Vol. 5, No. 2 3 August 2005
The Succession of Saudi King Abdallah,
the Oil Market, and Regional Politics
King Fahd de facto governed Saudi Arabia since the crowning of the sickly King Khalid in 1975 - until 1995 when Fahd himself suffered a debilitating stroke. Abdallah, Fahd's successor, is a conservative ascetic who was never considered corrupt by the population, unlike other members of the al-Saud family.
Abdallah succeeded in winning the support of the establishment religious scholars, despite his relationship with "infidel" America and limited attempts at reform, for his all-out assault against hard-line Wahhabis and their Saudi al-Qaeda disciples.
While Abdallah has rejected demands by younger Western-educated princes, the intelligentsia, and the middle class for faster reform, this group has grudgingly supported his claim for power against his reactionary Sudairi half-brothers and their conservative camp.
Having avoided a struggle for power within the royal family by appointing Prince Sultan as his crown prince (and possibly his powerful and ultra-conservative brother, Na'if, the minister of interior, to be eventually second-in-line of succession), the ascension of Abdallah should prevent instability in the world's largest oil producer and is likely to further consolidate cooperation between Riyadh and Washington.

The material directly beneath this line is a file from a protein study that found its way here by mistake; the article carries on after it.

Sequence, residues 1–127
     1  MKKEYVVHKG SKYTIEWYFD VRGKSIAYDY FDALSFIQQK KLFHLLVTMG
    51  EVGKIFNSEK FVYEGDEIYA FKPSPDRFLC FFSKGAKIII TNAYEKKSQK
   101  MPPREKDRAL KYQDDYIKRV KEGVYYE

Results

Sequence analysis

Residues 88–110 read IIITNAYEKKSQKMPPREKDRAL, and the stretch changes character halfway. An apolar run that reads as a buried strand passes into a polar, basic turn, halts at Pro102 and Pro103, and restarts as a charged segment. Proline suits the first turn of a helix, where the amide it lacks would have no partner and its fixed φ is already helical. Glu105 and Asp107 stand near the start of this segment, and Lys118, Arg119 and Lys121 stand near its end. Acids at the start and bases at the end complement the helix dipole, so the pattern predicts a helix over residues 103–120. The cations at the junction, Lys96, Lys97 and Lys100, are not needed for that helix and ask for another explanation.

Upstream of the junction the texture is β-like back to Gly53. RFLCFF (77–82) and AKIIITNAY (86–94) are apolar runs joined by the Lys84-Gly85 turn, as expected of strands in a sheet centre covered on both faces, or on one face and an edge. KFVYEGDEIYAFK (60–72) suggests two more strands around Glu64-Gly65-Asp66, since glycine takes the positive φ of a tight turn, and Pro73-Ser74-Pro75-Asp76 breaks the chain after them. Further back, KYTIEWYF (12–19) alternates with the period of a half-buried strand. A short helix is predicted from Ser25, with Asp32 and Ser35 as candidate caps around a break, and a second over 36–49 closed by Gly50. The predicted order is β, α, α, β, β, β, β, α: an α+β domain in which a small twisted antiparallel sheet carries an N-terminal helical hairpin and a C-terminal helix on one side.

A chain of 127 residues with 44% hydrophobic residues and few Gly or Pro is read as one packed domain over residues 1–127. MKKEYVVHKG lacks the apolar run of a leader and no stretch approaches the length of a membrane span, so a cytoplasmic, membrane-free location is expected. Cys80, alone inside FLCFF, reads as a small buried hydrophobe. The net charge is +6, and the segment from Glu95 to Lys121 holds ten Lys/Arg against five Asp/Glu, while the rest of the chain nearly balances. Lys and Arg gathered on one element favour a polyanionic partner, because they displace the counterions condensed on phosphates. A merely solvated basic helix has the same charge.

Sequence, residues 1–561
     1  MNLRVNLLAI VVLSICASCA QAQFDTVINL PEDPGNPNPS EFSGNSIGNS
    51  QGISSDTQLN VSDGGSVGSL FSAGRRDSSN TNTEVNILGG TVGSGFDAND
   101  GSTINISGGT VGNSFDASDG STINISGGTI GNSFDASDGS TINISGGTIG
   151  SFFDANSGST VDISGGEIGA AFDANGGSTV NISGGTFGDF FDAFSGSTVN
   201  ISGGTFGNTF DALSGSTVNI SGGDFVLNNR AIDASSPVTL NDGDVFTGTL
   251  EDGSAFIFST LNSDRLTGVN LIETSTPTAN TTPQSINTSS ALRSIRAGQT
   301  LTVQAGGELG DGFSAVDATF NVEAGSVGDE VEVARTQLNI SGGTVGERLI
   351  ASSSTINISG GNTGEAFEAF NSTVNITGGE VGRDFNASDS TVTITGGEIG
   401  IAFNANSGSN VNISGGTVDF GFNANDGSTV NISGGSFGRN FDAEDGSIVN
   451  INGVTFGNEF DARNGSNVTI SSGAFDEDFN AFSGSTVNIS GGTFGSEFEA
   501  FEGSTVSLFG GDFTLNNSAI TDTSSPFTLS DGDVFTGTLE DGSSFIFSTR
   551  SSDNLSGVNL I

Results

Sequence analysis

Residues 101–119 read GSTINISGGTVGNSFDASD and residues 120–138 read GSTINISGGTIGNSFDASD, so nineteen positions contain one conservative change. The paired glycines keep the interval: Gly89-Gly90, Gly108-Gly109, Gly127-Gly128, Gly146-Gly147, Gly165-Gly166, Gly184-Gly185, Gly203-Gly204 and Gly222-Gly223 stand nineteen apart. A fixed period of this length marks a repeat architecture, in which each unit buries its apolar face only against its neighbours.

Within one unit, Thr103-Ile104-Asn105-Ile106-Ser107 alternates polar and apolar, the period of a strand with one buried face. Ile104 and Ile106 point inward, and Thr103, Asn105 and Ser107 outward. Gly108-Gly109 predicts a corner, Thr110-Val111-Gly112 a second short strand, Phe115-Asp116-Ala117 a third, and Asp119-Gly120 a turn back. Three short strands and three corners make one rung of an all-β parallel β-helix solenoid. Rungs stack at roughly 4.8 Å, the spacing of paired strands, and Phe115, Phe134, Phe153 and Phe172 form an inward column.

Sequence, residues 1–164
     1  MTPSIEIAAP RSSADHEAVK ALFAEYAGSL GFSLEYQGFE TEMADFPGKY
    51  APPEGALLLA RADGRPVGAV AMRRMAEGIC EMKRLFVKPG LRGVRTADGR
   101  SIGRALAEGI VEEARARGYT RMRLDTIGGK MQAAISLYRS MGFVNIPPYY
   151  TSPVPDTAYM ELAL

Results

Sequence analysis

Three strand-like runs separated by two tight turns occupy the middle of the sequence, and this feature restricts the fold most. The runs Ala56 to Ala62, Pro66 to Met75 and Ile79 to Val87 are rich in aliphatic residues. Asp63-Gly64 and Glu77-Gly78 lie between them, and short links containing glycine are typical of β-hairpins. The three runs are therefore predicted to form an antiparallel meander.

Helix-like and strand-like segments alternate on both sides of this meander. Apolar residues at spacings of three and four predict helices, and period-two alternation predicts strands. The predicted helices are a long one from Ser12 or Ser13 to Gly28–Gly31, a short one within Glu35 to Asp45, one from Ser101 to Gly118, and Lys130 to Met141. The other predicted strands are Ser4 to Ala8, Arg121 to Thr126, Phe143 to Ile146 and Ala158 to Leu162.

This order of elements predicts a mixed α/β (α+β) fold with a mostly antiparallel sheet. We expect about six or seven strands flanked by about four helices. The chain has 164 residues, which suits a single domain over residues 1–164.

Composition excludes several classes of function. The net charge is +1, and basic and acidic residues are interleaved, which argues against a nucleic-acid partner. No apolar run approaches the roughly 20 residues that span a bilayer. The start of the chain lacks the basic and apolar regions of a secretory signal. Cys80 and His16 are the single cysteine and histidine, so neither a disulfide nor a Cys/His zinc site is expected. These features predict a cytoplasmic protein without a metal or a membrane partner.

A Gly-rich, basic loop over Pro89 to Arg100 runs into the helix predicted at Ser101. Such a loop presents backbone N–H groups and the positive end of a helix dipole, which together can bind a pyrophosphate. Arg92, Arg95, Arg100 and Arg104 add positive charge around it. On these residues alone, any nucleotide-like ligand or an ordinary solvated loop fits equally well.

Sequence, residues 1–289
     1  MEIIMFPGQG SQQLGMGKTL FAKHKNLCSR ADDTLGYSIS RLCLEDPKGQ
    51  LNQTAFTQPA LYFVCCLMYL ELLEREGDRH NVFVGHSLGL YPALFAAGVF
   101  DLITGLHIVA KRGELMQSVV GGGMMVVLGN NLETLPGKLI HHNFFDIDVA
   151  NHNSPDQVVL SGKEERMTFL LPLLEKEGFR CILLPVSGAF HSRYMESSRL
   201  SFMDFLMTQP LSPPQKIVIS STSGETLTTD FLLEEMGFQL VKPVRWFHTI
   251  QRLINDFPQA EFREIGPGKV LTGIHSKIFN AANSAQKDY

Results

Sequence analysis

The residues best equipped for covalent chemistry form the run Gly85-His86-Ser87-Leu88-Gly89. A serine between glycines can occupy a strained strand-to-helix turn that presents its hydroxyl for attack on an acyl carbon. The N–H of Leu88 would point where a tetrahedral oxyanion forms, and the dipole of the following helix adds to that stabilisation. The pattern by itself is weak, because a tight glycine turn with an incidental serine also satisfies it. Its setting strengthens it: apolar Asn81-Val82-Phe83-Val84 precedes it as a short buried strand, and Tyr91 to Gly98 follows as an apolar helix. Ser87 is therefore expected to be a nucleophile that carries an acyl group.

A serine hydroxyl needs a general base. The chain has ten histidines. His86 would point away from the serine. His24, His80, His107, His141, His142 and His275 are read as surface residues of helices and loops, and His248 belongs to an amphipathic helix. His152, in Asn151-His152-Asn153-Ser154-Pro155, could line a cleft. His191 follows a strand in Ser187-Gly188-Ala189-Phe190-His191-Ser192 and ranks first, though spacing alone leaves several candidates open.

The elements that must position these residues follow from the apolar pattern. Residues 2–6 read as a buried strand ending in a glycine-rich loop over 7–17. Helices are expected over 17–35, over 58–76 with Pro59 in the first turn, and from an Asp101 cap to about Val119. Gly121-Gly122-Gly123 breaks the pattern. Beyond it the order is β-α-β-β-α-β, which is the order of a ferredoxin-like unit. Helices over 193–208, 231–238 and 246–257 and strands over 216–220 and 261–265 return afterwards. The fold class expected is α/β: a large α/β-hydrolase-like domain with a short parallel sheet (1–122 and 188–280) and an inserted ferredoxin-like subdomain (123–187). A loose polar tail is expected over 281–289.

On August 1, 2005, Iyad Madani, Saudi Arabia's information minister, announced that 83-year-old King Fahd had passed away and that Crown Prince Abdallah (81) had succeeded him as king of Saudi Arabia. Israeli intelligence sources had reported in mid-July that King Fahd was in a coma and was being kept alive artificially, or that he was already dead. Immediately upon his ascension to the throne, King Abdallah appointed Prince Sultan, his half-brother and one of the late King Fahd's full brothers from a Sudairi mother, and second-in-line of succession, as his crown prince.